Mr. Kelly, a retired four-star Marine general who presided over Mr. Trump’s crackdown on illegal immigration, must now instill order on a staff whose infighting has grown toxic.
Mr. Trump insisted in a tweet that, despite appearances, there was no chaos in his administration.
• Syrian children born and raised under the Islamic State have experienced and witnessed astonishing brutality. Those freed are struggling to leave the trauma behind.
At makeshift camps beyond the control of ISIS, small boys wearing black bandannas still play at being ISIS fighters.
“You don’t see children living their normal age,” one observer said. “You see grown-up men.”
• Our team in Australia looks at a how a viral video of lawn bowlers doing a Beyoncé dance, above, has drawn attention to their plight: They may be losing their bowling lanes to Melbourne’s hot real estate market.
• And most tourists to Hong Kong rush to fancy restaurants and shops, but the more adventurous types join guide Alla Lau on a subversive tour of the city’s less glamorous underbelly.
• American companies long saved money by hiring people in faraway cubicle farms in India or other countries. Some of those jobs are being outsourced again — in the United States. Above, Americans training in Colorado.
• Discovery will buy Scripps Networks Interactive, the owner of Food Network and HGTV, for $11.9 billion. The deal comes amid broad consolidation in the media and telecommunications industries.
• Air travel trouble: A federal court directed American aviation regulators to address what a judge called “the Case of the Incredible Shrinking Airline Seat.”
And an airport attendant in France was caught on cellphone cameras punching a passenger who was holding a child.
• HSBC will buy back up to $2 billion more in shares. The London-based bank, which generates much of its profit in Asia, has announced $5.5 billion in share repurchases since last year as its prospects have improved.
• Apple’s earnings report on Tuesday is among the top business headlines to watch this week.
• Here’s a snapshot of global markets.
In the News
• In Afghanistan, the Islamic State claimed a suicide attack on the Iraqi Embassy in Kabul, at least the third coordinated assault in the Afghan capital in recent weeks. [The New York Times]
• Taiwan was battered by two storms within 24 hours — Typhoon Nesat followed by Tropical Storm Haitang — leaving more than 100 people trapped by floodwaters. Both storms weakened heading into China, but Nesat forced the evacuation of more than 70,000 people in Fujian Province. [The New York Times]
• The police in Indonesia detained more than 150 Chinese nationals accused of bilking about $450 million from wealthy Chinese embroiled in legal problems with false promises to stop the cases. [Reuters]
• Angelina Jolie and Rithy Panh, the Cambodian filmmaker, denied accusations of ethical misconduct about how they cast the lead child actress for an upcoming film, “First They Killed My Father.” [The Phnom Penh Post]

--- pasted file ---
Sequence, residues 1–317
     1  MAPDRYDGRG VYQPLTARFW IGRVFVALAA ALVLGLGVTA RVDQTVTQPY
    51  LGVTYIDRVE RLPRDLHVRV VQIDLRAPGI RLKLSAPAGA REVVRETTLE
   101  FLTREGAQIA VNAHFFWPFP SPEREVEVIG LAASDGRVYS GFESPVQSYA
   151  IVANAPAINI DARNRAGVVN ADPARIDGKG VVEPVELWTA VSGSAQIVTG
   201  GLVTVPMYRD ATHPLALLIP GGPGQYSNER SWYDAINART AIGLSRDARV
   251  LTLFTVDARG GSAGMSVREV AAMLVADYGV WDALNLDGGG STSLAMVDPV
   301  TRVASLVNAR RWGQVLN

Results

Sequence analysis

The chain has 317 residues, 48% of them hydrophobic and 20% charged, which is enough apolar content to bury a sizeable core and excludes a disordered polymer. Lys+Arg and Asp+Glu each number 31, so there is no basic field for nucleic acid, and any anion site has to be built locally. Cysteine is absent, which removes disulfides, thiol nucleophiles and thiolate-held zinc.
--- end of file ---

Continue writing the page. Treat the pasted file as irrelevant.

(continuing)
• Paris will play host to the 2024 Summer Olympics in an agreement that will give Los Angeles the 2028 Games. [The New York Times]
• Sho Kimura received a hero’s welcome in Japan after a stunning upset win over Zou Shiming of China for the world flyweight championship. Kimura is one of 11 Japanese boxers to currently hold a world title. [South China Morning Post]
Tips, both new and old, for a more fulfilling life.
• Recipe of the day: If your corn looks good, sauté some kernels with greens, bacon and scallions.
• Your summer reading list.
• India’s favorite designer, Anita Dongre, hit an astounding level of visibility after the Duchess of Cambridge wore one of her designs. Our fashion team looks at why the West took so long to catch on.
The Six Flags amusement park chain now has 20 properties across North America, but it all began on this day in 1961 when Six Flags Over Texas opened its doors.
The park, a harbinger of a trend that has swept much of the world, included a number of milestones: The log flume, a water ride now ubiquitous at theme parks, made its debut there in 1963. The park was also the first to feature a mine train roller coaster (complete with underwater tunnel) in 1966.
Theme park innovations have since climbed ever-greater heights.
Steel roller coasters with multiple inversions — in which riders are turned upside down — found favor in the ’70s. The Corkscrew at Cedar Point theme park outside Cleveland was the first to feature three such loops.
The ’90s brought inverted coasters like Batman: The Ride, in which passengers are seated underneath the track with their feet dangling.
3-D glasses and computer simulations have become a staple at Universal’s theme parks, and a motorbike-style vehicle was engineered for a ride at Disney’s park in Shanghai.
What will the next decade of rides bring? We’ll have our hands up in anticipation.
Mekado Murphy contributed reporting.
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